Presenter: Robert M. Russell
The Institute of Medicine’s (IOM’s) conceptual model for the UL (see Figure O-1 in the Overview) involves determination of the highest level of daily nutrient intake that is likely to pose no risk of adverse health effects to almost all individuals in the general population. Robert Russell provided a brief review of the derivation of a UL and the sources of uncertainty and then focused on how three different expert groups arrived at different conclusions when they determined the upper levels1 for vitamin A, beta carotene, vitamin B6, and zinc. He concluded his presentation with a list of the kinds of data needed to improve the determination of upper levels for these four nutrients.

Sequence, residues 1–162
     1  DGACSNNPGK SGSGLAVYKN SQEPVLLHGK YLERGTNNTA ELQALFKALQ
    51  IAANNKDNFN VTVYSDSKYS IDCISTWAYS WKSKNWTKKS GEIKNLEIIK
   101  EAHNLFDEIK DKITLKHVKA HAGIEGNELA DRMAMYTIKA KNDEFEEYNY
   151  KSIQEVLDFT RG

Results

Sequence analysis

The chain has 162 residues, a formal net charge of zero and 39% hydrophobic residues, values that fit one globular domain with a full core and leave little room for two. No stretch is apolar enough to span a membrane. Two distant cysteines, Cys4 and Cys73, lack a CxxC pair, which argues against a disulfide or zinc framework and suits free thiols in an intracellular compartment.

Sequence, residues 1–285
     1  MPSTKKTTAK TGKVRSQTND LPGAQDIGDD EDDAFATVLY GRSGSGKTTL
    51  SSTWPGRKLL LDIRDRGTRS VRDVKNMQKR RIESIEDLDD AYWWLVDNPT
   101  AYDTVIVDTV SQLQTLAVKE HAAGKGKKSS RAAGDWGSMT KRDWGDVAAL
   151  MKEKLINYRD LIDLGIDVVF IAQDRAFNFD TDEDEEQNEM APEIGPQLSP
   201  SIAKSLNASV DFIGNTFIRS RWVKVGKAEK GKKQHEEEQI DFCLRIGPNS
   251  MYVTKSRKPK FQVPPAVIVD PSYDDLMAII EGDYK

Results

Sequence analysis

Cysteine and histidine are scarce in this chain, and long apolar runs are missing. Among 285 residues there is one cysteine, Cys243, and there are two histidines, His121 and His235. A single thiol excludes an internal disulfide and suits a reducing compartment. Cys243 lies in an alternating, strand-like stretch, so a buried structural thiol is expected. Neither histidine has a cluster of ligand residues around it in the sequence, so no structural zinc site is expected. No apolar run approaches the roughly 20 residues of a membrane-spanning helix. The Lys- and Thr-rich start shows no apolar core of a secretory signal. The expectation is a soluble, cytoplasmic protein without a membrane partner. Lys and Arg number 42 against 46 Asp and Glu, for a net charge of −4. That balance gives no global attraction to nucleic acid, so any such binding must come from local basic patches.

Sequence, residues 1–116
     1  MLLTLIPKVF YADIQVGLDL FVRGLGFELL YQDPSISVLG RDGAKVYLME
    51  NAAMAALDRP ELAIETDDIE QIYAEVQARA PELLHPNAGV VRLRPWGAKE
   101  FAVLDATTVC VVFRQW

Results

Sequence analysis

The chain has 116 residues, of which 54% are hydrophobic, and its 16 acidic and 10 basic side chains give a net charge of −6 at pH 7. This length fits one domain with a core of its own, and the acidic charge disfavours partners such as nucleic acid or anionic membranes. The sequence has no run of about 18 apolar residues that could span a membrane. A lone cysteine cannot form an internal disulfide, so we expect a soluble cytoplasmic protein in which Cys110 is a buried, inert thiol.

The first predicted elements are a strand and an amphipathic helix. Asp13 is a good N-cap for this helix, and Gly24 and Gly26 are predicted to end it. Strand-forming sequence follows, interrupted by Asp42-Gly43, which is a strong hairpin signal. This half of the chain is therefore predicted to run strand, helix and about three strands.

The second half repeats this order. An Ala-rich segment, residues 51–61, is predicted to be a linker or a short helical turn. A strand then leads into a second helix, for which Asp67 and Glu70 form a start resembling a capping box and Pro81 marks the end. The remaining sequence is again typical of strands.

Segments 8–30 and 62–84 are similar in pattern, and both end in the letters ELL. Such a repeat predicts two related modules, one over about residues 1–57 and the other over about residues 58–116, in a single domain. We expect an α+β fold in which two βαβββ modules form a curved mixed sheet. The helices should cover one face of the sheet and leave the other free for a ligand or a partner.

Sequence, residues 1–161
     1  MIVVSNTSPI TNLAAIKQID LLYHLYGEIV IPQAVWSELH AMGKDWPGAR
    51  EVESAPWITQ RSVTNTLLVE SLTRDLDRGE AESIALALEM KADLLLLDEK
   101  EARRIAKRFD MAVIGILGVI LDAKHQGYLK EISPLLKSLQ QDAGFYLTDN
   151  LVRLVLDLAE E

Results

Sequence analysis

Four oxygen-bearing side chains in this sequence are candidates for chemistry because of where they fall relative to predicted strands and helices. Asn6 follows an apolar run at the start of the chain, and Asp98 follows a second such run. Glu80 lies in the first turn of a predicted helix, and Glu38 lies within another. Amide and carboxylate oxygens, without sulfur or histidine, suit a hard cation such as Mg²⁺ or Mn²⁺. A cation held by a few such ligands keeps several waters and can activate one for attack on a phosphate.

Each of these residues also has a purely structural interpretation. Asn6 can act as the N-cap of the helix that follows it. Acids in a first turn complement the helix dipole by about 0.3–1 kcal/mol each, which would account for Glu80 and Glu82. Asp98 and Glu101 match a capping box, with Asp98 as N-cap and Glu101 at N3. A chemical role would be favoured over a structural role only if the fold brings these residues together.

The process of deriving an upper level typically involves the identification of a critical data set; the identification of a critical toxic effect (the endpoint, a no-observed-adverse-effect level [NOAEL] or a lowest-observed-adverse-effect level [LOAEL]); and the derivation of an uncertainty factor, which typically is less than 10 for nutritional risk assessment. By using this approach, the upper level is obtained by the following formula:
Therefore, the larger that the uncertainty factor is, the lower that the value of the upper level is.
The process of assigning an uncertainty factor has been somewhat subjective. Factors that have contributed to assigning a larger uncertainty factor include extrapolation of the findings of studies with animals to